At Cambridge University Herbarium, there is a collection of hundreds of watercolors of macroalgae, amazingly beautiful and accurate. They were done by Mary Philadelphia Merrifield (1804-1889), an artist who was originally attracted to seaweed for their beauty, but then went on to study them seriously, publishing several scientific articles. When I visited Cambridge, Christine Bartram, the chief herbarium technician, showed me the paintings and told me about discovering them. Shortly after the collection was moved into a new building, Bartram had an inquiry about Merrifield from someone who had bought a house, found Merrifield letters there, and was curious about her. Bartram recalled that during the move she had seen a shoebox marked “Merrifield,” was able to hunt it down, and found the watercolors. Now they are being preserved more fittingly and being studied.

Before I leave the 19th century, I must mention Ellen Hutchins (1785-1815), who has been called Ireland’s first female botanist. She is at the early end of the seaweed craze and lived near the coast in Cork. Like many at the time, she was encouraged to take up nature study as a healthy hobby by a physician in Dublin where she had been sent to convalesce. Though she was never robust and died young, she wholeheartedly devoted herself to botany under the tutelage of James Mackay, curator at the Botanic Garden of Trinity College, Dublin. He suggested that she study seaweeds when she returned home to Cork, and most of her collections are from the Bantry Bay area. He also put her in touch with the algologist Dawson Turner, with whom she exchanged information and specimens, some of new species. As well as preparing specimens, she produced accurate drawings and watercolors. Hutchinson was known for being able to find and correctly identify rare species. Her specimens are now primarily in the Natural History Museum, London, and most of her drawings are at the Royal Botanic Gardens, Kew.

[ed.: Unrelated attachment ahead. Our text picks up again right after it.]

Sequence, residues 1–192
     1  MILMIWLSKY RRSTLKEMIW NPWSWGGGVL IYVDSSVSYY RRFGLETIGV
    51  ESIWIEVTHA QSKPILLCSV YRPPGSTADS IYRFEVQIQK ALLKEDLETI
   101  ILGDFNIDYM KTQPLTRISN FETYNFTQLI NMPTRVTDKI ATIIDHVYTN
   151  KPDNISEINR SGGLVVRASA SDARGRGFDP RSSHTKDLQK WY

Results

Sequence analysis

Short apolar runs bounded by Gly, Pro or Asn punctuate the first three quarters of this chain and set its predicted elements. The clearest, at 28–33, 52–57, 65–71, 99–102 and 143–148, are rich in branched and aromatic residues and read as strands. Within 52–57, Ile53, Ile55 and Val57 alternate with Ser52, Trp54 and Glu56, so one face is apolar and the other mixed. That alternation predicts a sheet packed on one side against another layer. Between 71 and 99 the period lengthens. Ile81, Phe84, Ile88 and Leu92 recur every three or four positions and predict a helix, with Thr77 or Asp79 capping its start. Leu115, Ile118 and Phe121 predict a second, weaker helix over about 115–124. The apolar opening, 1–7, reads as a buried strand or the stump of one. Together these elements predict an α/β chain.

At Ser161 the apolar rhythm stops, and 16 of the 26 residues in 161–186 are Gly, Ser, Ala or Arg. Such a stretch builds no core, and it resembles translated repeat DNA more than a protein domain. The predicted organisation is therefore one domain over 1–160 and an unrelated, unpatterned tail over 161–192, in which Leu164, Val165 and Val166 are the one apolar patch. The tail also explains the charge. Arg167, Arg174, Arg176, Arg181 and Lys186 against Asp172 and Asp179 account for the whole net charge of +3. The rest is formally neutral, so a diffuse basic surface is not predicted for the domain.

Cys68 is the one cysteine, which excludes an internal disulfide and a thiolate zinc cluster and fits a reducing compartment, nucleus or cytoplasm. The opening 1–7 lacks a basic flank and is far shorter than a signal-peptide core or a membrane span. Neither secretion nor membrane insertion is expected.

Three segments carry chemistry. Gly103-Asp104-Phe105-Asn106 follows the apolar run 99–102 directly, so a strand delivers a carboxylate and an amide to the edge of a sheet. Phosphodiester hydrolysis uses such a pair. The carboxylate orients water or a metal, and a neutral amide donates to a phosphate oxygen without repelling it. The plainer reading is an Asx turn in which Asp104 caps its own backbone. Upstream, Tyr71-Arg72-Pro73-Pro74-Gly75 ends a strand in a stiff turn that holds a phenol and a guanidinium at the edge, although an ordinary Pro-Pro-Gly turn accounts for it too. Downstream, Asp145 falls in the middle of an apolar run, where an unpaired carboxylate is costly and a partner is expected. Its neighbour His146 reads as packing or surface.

Though it pains me leave seaweed hunters and the 19th century here, I must in order to move on to other wonders of the algal world, including diatoms, the subject of the next post.

Atkins, A. (1843-1853). Photographs of British Algae: Cyanotype Impressions (Vol. 5 volumes).

Harvey, W. H. (1849). A Manual of British Algae. London: van Voorst.

Wyatt, M. (1834-1840). Algae Danmonienses. Torquay: Cockrem.